Amid football games and falling leaves, Twin Cities thermometers hovered at or above the 90-degree mark this weekend, setting several records for high temperatures.
On Saturday, the metro area hit 90 degrees, tying records set in 1891 and 1937, according to Michelle Margraf, a meteorologist with the National Weather Service.
Records were broken on Sunday, when temperatures climbed to 90 again. The previous record of 89 was set in 1935, Margraf said.
The Twin Cities saw a streak of summer-like temperatures between Friday and Sunday, Margraf said, when the mercury hit 90 degrees three days in a row. It was the latest that such a streak has ever happened, she said, beating a previous record for a three-day streak set in 1891. That streak occurred from Sept. 21 through Sept. 23.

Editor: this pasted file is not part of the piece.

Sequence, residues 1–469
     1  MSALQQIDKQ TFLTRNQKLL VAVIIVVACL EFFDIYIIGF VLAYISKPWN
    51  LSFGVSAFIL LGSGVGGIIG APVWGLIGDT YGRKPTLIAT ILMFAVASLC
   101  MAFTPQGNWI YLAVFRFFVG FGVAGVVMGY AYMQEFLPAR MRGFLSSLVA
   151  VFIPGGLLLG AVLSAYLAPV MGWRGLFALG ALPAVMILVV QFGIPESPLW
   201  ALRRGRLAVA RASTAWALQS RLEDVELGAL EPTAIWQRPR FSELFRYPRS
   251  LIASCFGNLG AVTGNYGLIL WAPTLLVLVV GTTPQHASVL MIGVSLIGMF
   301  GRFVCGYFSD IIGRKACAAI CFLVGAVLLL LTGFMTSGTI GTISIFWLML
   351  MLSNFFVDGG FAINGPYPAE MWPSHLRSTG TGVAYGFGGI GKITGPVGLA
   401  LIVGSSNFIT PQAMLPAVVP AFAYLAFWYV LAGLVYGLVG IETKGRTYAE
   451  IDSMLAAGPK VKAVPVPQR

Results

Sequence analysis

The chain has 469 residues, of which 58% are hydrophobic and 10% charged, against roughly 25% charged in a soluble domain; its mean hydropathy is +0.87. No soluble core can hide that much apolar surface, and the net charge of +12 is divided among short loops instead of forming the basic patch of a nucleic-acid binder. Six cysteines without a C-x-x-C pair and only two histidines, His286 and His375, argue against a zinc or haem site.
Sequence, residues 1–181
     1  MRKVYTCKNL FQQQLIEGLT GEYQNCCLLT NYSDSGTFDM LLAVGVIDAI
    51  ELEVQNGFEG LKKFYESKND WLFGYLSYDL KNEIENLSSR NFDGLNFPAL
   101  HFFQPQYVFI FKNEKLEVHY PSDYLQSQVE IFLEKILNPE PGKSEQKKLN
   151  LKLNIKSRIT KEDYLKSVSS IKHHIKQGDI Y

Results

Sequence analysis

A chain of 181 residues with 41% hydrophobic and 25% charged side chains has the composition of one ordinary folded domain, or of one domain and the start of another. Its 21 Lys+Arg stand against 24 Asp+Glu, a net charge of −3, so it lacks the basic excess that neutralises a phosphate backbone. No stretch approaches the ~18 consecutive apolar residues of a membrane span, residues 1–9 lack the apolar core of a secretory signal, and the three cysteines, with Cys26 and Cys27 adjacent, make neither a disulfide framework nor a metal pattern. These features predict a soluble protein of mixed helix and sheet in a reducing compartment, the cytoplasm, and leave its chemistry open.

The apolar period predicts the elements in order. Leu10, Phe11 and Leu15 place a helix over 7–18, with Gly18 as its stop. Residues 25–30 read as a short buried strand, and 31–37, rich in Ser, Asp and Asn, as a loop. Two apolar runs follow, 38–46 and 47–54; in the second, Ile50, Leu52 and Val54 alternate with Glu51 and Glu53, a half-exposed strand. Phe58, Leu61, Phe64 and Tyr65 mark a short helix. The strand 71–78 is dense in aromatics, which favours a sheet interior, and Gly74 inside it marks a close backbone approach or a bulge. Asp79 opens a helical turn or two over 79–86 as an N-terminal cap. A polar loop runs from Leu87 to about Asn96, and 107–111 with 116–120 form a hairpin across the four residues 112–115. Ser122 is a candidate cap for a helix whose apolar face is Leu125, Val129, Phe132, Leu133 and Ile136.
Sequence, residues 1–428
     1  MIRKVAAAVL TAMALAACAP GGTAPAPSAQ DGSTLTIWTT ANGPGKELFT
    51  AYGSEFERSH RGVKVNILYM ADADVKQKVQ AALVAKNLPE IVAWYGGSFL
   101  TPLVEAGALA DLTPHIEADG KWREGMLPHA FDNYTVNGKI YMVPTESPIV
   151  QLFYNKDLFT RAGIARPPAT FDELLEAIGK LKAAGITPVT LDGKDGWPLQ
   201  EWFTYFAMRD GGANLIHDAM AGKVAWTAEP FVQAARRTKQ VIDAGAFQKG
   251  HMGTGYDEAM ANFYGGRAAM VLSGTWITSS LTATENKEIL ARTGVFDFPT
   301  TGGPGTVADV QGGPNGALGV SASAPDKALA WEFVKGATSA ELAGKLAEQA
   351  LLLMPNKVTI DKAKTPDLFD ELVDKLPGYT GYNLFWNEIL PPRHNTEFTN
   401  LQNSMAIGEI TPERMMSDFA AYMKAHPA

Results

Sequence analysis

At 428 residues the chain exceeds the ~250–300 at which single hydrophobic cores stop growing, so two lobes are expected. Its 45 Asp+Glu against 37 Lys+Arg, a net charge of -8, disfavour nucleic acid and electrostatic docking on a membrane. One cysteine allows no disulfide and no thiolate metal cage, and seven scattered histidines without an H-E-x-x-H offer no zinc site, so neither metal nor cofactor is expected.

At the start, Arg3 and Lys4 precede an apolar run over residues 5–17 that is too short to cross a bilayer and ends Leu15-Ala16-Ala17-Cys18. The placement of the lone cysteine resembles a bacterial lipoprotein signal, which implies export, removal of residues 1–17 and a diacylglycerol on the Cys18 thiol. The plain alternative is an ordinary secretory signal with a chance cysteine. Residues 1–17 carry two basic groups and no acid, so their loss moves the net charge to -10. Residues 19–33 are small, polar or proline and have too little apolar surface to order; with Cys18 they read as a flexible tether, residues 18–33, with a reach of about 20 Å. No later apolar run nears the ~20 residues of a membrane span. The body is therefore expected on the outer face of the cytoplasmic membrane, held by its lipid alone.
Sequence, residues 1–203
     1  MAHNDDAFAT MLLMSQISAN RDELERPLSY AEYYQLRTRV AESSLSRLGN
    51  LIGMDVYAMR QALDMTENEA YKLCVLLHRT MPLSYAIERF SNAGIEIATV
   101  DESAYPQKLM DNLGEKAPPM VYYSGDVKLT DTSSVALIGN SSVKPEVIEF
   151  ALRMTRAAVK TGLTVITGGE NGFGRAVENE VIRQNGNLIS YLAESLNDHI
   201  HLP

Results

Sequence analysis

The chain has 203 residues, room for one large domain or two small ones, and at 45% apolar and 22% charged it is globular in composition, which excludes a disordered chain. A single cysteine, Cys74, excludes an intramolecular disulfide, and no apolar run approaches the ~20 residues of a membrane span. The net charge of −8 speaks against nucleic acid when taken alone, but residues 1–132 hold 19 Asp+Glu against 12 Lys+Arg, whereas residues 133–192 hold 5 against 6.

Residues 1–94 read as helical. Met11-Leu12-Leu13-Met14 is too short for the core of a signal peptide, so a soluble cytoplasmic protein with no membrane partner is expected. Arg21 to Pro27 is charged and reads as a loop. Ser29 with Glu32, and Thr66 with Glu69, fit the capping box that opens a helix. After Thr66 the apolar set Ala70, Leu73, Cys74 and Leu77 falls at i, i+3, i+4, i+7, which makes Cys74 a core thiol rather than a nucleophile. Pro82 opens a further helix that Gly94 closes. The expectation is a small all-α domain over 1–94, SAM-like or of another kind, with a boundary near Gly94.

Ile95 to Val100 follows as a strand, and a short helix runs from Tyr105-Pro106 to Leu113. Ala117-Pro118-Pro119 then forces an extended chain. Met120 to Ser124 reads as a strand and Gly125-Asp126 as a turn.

“It really puts it in perspective how unusual [this weather] is,” Margraf said.
The nation’s weather pattern has been stuck for six days because of tropical storms hovering over the Atlantic Ocean, Margraf said, causing the steamy temperatures.
“It’s like we have fall in the west and summer in the east,” she said.
But change is coming. Monday’s forecast predicts showers, including a possible thunderstorm before 1 p.m., with a chance of showers and thunderstorms after that. It should be cloudy, the weather service predicts, with a high near 69 degrees.
The normal high for tomorrow is 68 — so temperatures should be just about average.
“I think it’s really going to feel cool to people because it’s just been so hot for the last couple days,” Margraf said. “We’ll have to readjust to the normal again.”